Goodwill Garden installs rain barrels

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Robins aren’t the only ones ready for spring at Gannon University. The Gannon Goodwill Garden is starting a new composting plan with Metz Culinary Management, receiving honeybees for pollination purposes and soon installing a rain barrel as part of the “Don’t Give up the Drip” program.

“Don’t Give up the Drip” is a cooperative between Erie County Conservation District, local artists and businesses. The barrel designated for the Goodwill Garden is one of 50 rain barrels to be used in the community.

LeAnn Krysiak, an Americorps VISTA member and director of the garden, said the barrel will be useful in promoting community involvement in the garden as a source of water beside West Hall.

“There could be more community gardening because they would have the autonomy to do these things themselves,” Krysiak said.

Krysiak said the fact that the rain barrels are painted promotes sustainability and heightens their visibility. The garden’s barrel will be used primarily to water the garden, but Krysiak said students and the community are welcome to use the collected water for other creative solutions.

The garden received two new composters built by engineering-focused first year seminar students and will use food scraps from Metz to fertilize the garden.

Krysiak said Metz requested the food be used in the garden rather than sending to a landfill, and the project will weigh the amount of food sent to the garden. It will then be carried to the garden in a wheeled garbage can that Krysiak said will eventually become a student-run job.

“Sustainability is sometimes tied to corporate responsibility,” Krysiak said of composting. “It lets them use waste for something else, so it’s not just sitting there in a landfill.”

Krysiak said this project helps Metz as well as students, who will learn about sustainable ways to reduce waste and aspects of healthy composting.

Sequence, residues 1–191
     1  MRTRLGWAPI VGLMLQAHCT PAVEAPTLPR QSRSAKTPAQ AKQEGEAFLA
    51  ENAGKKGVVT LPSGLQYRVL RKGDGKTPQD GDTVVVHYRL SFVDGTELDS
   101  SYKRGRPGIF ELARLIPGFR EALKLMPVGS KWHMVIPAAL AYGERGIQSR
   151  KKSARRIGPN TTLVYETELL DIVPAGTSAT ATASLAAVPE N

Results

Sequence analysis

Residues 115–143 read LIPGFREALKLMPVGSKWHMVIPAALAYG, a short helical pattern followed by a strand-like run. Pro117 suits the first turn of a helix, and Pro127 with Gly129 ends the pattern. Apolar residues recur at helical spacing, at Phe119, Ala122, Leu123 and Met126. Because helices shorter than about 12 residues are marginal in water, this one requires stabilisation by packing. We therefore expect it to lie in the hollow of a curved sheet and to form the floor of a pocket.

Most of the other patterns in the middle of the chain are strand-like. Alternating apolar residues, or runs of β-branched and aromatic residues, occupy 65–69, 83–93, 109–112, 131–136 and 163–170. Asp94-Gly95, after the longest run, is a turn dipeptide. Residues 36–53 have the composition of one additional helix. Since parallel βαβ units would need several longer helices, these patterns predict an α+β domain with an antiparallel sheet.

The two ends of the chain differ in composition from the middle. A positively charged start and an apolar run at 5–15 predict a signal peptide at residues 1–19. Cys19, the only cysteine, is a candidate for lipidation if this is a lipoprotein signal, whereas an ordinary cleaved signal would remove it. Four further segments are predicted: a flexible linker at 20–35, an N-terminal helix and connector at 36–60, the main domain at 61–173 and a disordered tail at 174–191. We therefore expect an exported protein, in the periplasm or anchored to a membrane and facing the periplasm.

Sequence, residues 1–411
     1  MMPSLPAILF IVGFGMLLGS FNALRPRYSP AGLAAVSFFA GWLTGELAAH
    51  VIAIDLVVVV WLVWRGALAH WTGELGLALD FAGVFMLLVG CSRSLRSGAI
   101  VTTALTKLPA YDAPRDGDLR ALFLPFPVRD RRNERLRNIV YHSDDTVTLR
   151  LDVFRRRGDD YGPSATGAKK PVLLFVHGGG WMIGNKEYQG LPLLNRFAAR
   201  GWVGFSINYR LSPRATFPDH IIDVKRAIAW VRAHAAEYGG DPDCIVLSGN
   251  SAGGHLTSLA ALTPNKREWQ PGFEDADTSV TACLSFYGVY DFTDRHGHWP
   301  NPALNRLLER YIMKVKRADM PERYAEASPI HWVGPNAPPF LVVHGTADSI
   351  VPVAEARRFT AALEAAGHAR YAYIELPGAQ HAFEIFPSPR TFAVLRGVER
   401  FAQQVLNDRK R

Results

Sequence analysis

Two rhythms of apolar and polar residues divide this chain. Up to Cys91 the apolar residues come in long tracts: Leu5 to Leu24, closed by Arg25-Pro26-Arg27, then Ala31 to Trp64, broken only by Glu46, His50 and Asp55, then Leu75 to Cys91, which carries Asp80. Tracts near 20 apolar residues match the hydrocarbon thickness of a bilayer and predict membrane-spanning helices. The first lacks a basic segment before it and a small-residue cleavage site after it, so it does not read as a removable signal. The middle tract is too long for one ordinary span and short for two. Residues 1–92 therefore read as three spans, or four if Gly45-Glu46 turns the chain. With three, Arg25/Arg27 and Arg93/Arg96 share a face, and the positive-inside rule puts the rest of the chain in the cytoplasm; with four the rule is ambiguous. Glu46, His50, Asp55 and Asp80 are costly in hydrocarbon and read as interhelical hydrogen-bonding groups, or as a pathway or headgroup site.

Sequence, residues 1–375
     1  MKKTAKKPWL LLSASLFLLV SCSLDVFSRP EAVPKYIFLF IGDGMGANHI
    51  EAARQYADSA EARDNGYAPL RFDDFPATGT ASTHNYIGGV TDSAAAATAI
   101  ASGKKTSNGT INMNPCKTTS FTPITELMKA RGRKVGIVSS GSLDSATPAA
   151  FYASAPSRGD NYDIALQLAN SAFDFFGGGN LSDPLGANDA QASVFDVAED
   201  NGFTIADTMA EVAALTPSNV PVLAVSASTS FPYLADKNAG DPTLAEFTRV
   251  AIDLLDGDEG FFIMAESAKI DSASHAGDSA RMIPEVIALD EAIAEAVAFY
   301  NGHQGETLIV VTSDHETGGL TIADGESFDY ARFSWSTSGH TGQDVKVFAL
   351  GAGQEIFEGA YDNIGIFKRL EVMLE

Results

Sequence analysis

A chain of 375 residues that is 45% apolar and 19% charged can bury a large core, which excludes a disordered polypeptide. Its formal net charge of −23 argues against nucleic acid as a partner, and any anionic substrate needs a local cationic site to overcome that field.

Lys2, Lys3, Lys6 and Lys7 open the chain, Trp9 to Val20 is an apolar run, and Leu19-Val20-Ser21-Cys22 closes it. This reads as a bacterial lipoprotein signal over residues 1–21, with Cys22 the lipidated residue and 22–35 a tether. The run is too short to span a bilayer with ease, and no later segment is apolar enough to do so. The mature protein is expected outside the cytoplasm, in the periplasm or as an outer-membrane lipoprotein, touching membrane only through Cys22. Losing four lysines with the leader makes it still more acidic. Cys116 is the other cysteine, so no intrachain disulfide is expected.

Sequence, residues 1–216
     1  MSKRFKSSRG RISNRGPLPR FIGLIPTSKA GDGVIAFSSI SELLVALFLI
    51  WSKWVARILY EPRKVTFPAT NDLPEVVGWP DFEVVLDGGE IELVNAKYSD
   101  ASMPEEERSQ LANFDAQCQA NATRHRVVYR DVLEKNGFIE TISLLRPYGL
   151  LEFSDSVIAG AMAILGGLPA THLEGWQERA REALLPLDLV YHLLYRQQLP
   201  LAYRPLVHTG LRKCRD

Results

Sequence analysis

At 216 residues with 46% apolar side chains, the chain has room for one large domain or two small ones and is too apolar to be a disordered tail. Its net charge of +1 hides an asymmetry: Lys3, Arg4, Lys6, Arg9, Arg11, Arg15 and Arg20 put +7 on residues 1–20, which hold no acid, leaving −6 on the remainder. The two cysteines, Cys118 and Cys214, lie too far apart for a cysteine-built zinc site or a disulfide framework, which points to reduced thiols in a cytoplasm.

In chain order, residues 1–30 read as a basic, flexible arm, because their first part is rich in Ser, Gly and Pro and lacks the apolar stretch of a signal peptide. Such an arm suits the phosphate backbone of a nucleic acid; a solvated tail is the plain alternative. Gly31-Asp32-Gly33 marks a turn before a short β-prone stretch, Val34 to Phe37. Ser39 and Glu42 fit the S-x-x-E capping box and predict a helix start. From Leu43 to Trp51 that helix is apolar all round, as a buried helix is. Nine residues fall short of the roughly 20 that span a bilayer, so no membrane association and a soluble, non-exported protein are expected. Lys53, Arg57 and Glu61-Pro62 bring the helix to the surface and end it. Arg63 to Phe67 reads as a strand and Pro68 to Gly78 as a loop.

“Hopefully it’s something they will adopt after graduation and use in their own lives,” Krysiak said.

Vince Paczkoski, a sophomore history major, said he thinks the garden has good ideas with the rain barrels and composting, but it might be easier for students to use compost from West Hall rather than Metz, considering the distance between the cafeteria and the garden.

“You have to remember this is Erie,” Paczkoski said. “This was a mild winter, but if we have anything like last winter, they’re not going to get it done.”

Preassembled composting kits can run from $60-$100, but there are cheaper ways to keep organic disposables out of landfill.

One option is open air composting, a no-cost system where you add compost to your garden by keeping the pile outside without keeping it in a separate container beforehand. Erie offers a composting class, called Black is the New Gold, where participants receive a composter upon completion. Or you can keep compost material in an airtight container outside until it is ready to use.

The garden will soon receive a beehive as part of a grant from the Honeybee Conservatory. Krysiak said she is excited to use the bees, but many people have a negative initial reaction because they are afraid of bees.

“We talk about bee stings, but not about their significance,” Krysiak said.

In order to combat this, Krysiak said she is working with Becky Perry at West Hall to hold a bee-friendly workshop to introduce the beehive to the community and teach them how to interact or not interact with the bees.

Krysiak said the bees used in the garden are less aggressive than honeybees, which people associate with bee stings.

“The mason bees are more solitary creatures,” Krysiak said.

An introduction and orientation to the garden will be held at 5 p.m. in the garden Wednesday to go over needs and logistics. It is free and open to the public.

A seed planting night will be held April 27 to get plants started for the garden and 20 students will replace 10 plant beds in the garden for Day of Caring.

“One thing that is exciting about Day of Caring is I will have students from the Detroit ABST,” Krysiak said. She joined students in Detroit over spring break to serve people in the inner city.

KELSEY GHERING
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